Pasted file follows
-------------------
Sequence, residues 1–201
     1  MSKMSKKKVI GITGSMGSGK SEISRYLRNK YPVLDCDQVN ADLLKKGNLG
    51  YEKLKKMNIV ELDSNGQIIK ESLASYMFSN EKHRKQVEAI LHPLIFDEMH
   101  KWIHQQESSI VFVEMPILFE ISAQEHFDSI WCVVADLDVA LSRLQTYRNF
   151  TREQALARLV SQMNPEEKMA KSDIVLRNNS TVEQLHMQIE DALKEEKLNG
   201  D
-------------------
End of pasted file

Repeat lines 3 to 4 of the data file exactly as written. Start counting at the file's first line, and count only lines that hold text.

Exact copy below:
    51  YEKLKKMNIV ELDSNGQIIK ESLASYMFSN EKHRKQVEAI LHPLIFDEMH
   101  KWIHQQESSI VFVEMPILFE ISAQEHFDSI WCVVADLDVA LSRLQTYRNF